Award historical credits for LearnDash courses

Our Uncanny Continuing Education Credits plugin has historically been our least popular plugin and not nearly as capable as some continuing education providers would like. Organizations in this space tend to have very specific requirements and outgrow general-purpose solutions quickly.

With the 2 most recent updates to the plugin, however, we have completely transformed what’s possible with our CEU product. The 3.1 release added the ability to track credits for anything, even learning activities that were not associated with LearnDash. And with our Uncanny Automator integration, we can simplify awarding credits even further, automating credit activity for live events, forum participation, purchases–if it can be captured online, Automator can almost certainly link it to credits in this plugin.

Capture historical completion records

There’s always been one big limitation in the Uncanny Continuing Education Credits plugin: it only starts tracking credits for new LearnDash course completions once it’s installed and credits are assigned to the course. For most sites, this meant a disconnect between users that completed courses before plugin installation and users that completed them after setup.

In today’s Uncanny Continuing Education Credits 3.2 release, we’re adding a very important new feature: the ability to generate credits for historical course completions. This means WordPress administrators can choose a LearnDash course, click a button, and have credits and completions tracked for users that completed courses before the course was assigned credits.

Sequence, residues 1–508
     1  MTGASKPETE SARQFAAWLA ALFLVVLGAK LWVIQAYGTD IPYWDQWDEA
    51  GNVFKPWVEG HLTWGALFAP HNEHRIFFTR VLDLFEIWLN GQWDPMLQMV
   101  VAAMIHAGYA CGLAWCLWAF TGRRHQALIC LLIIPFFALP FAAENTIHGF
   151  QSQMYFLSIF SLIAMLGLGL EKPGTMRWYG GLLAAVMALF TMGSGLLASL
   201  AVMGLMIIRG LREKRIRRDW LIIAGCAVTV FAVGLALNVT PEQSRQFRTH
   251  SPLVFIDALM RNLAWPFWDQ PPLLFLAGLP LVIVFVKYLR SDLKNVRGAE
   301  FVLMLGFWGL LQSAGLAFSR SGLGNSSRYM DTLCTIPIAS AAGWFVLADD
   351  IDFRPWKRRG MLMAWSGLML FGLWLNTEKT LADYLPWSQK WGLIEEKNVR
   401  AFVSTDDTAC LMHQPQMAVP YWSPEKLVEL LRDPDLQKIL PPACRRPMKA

Generate Continuing Education Credits for LearnDash

Here’s how the new feature works:

  1. Edit a LearnDash course and make sure it has the credit value assigned that you want to award to students.
  2. Navigate to Uncanny CEUs > Generate CEUs in /wp-admin/.
  3. Choose a course from the drop-down list.
  4. Click the Add missing records button and credits will be added to student records.

There are a few important things to note when using this new tool:

  • Credits are only awarded for students that have a LearnDash completion record but no credits for that completion. It will not modify CEU values for existing users that already have credits assigned. In other words, if a course had a credit value of 2.0 assigned, a user completed the course and earned 2 credits, then you change the value to 3.0 and run the Generate CEUs function, the student will continue to have 2.0 earned credits, not 3.0.